Twitter is finally testing one of its most requested features: an edit button.

The feature is currently limited to Twitter Blue subscribers, which is Twitter’s paid subscription, and will likely remain so even once it’s fully deployed. During this testing phase, a limited number of users can access the feature while more improvements and adjustments are being made in the background.

For the most part, it seems like Twitter is handling the edit feature as well as it can. You only have 30 minutes to edit a Tweet, after which it can no longer be changed. If a tweet suffers any edit, it will be clearly tagged with the time and date when it was last edited, and they’re also experimenting with how many times they will allow a single tweet to be changed, as well as how much of it can be changed.

This is to ensure that correcting typos or incorrect grammar is easy enough, but perhaps changing the entire contents of the tweet to mean something else isn’t ideal – though this is still being tested.

However, to ensure transparency, a full history of edits will always be available, allowing users to see exactly what was changed at any time. Twitter has also clarified that the edit history will be available on their API, allowing embedded tweets to update and show edits when applicable.

It would be tempting for Twitter to keep this feature locked behind a paywall, both as a way to sell their subscription service as well as to prevent exploits on a wide scale. But it’s just as likely that they release the feature to all users once it’s properly tested and accounted for, seeing as it’s their most requested feature ever – as confirmed by Twitter themselves.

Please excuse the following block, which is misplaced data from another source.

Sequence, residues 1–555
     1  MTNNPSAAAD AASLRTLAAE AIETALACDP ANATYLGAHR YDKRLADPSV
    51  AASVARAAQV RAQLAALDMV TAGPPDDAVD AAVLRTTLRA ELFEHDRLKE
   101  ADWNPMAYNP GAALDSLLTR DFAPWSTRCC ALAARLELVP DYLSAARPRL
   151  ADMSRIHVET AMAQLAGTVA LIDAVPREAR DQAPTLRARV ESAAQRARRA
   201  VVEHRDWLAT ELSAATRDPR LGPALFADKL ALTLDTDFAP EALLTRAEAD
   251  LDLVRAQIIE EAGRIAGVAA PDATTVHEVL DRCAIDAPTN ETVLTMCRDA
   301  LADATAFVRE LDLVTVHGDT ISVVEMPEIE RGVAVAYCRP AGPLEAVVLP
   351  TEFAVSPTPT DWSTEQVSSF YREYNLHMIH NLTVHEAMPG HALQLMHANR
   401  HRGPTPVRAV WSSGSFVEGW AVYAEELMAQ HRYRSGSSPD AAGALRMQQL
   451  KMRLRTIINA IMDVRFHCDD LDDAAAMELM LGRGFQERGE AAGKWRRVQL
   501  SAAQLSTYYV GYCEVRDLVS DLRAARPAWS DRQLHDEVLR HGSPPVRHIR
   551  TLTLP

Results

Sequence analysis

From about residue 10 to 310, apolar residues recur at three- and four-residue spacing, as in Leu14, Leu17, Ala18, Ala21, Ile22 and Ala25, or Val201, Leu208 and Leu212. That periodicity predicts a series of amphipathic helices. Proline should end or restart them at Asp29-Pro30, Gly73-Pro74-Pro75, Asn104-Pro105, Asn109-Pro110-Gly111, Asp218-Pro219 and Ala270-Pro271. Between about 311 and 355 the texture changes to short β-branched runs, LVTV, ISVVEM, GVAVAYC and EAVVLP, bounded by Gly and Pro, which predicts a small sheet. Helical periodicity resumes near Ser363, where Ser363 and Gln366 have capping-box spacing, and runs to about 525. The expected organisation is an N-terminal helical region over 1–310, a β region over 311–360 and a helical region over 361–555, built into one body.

There are concerns regarding the edit button, whether it’s widely available or not. The idea of having a history of edits certainly sounds nice, but in a world of constant change and immediate information, it’s not hard to assume that an edit will cause some chaos sooner or later, whether it’s intentional or not.

To be fair, Twitter seems to be doing everything it can in terms of infrastructure to allow for the feature to be robust and reliable in itself. But the impact of being able to edit tweets is something hard to measure, as it can have serious repercussions on the way we talk about and report tweets.

Regardless, this is a big move for Twitter, which for the most part has been slow to push for community-requested features in favor of trend-chasing (such as the now-defunct Fleets) and subscription-based fluff like Blue and Super Follow (which allows users to pay content creators for subscriber-only content). Twitter was panned for very quickly implementing a feature that allowed Blue users to have an NFT profile picture, symbolized by a hexagonal border.

Perhaps the edit feature will be the one thing users actually wanted this whole time, and it seems like Twitter is putting in the work to ensure it lands as well as it can. But whether this will be good in the long run for the platform as a whole, remains to be seen, as we still don’t even know if the feature will be free to all or limited to Twitter Blue subscribers.